Monthly Archives: February 2008

New Report on Religion in America

Pew Forum on Religion and Public Life has just published an important report of their U.S. Religious Landscape Survey. Its findings reveal tremendous religious restlessness among Americans who change religious affiliation frequently. It also demonstrated the growth of an unaffiliated population (atheist, agnostic, secular unaffiliated, and religious unaffiliated), particularly among people under 40 years of age. It also reveals that Protestantism has diminished to 51% of the population share (though evangelicals continue to gain an increasing share of the Protestant population). Catholicism also has not grown, due to the decline of its white population. However, immigration from Mexico, South America, and Asia have drastically reshaped its ethnic composition. Immigration has also impacted evangelicals more than mainline Protestant churches.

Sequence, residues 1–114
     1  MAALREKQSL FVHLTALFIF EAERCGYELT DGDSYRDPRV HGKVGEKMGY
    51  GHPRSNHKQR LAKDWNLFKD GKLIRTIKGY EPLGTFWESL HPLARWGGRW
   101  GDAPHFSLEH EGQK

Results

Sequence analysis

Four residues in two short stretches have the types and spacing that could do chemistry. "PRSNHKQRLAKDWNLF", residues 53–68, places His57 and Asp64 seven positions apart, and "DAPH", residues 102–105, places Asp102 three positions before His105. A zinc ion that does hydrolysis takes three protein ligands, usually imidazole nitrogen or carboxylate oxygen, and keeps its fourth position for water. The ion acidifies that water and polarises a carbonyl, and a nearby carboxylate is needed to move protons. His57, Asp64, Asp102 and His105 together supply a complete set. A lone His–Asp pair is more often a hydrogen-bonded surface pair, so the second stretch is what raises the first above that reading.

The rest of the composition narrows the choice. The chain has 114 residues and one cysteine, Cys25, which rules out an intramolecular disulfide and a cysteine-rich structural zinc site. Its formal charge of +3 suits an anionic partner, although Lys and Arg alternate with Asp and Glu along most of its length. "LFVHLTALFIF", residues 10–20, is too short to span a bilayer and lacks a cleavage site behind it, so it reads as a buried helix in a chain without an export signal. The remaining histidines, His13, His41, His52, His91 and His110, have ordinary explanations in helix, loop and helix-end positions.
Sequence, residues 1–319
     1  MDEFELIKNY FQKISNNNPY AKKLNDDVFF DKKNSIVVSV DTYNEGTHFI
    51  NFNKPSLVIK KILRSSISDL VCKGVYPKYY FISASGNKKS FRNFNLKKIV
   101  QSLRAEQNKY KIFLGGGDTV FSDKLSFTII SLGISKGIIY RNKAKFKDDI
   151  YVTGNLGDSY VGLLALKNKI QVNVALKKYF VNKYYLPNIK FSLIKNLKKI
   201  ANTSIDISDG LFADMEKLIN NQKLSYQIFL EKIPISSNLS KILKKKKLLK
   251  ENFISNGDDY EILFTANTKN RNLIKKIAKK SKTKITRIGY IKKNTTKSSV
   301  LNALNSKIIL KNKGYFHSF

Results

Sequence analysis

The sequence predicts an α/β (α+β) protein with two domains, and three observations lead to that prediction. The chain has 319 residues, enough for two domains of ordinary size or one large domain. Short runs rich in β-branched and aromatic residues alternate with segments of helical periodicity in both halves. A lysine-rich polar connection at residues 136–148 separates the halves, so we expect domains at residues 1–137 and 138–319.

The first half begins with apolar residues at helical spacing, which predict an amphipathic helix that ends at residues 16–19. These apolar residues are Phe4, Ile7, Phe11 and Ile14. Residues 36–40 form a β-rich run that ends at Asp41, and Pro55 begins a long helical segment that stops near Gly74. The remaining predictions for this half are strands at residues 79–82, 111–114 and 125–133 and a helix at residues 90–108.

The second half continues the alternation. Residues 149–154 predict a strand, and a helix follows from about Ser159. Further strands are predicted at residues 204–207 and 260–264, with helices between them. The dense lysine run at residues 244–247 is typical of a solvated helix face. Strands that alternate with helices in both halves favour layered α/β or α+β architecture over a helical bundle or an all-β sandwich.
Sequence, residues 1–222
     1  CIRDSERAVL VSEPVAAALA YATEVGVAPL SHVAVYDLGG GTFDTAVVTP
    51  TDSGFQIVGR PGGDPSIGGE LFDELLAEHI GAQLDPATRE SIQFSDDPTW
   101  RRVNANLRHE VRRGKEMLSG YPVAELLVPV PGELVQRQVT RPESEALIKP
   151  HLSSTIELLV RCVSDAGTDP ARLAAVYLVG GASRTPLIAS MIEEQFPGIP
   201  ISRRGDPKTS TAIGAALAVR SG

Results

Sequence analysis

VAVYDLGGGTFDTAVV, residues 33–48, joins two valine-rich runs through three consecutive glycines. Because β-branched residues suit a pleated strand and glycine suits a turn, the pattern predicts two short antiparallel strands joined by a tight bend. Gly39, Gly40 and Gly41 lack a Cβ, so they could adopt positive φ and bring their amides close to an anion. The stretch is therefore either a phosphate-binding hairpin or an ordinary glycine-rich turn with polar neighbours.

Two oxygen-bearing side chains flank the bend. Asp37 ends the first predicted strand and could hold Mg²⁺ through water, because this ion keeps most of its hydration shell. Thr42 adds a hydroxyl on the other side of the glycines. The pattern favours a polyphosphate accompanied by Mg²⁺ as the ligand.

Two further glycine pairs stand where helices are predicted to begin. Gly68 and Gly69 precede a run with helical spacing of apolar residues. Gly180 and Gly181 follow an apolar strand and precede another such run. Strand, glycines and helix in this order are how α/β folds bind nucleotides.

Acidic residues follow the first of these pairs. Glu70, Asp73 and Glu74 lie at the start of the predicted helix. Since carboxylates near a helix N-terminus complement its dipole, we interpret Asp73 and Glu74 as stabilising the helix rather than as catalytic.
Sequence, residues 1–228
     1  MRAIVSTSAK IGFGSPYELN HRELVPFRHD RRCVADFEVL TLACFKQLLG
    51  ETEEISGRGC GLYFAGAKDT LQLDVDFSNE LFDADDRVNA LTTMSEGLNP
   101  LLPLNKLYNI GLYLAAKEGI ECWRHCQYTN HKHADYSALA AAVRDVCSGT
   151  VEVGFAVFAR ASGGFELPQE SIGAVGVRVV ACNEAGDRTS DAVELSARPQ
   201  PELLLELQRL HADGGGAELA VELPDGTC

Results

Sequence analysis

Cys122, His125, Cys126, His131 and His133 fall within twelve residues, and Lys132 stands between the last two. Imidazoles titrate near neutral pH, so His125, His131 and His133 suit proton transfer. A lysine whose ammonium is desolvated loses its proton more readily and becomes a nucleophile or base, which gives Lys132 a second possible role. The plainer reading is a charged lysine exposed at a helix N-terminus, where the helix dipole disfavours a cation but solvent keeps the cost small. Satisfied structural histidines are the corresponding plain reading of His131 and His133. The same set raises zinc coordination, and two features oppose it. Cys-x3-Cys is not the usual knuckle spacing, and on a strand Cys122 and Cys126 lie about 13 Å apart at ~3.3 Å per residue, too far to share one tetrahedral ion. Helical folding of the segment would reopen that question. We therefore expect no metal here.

What about Asian Americans? The survey confirmed the anecdotal evidence that Asian Americans have a higher affiliation with Christianity than other religions. 45% of the Asians surveyed identified themselves as Christians (17% evangelicals, 17% Catholics, and 9% mainline Protestant). 14% identify as Hindu, 9% Buddhists, 4% Muslim, 3% other world religions or faiths. Among Buddhists, whites out number Asians 53% to 32%. 23% of the Asians surveyed were unaffiliated, the highest percentage of all racial groups.

Among East Asian immigrants, 57% are Christians (27% Catholic, 18% evangelical, 11% mainline Protestant), 14% Buddhist, and 27% unaffiliated. 55% of immigrants from South-Central Asia are Hindu, 16% Christian (9% evangelical, 3% Catholic, 2% mainline Protestant), 12% Muslim, and 11% unaffiliated.

The implications of the survey findings about Asian American religions are clear. Research about Asian American Hindus and Muslims is needed; but so is research in Asian American Christianity.  Tim Tseng

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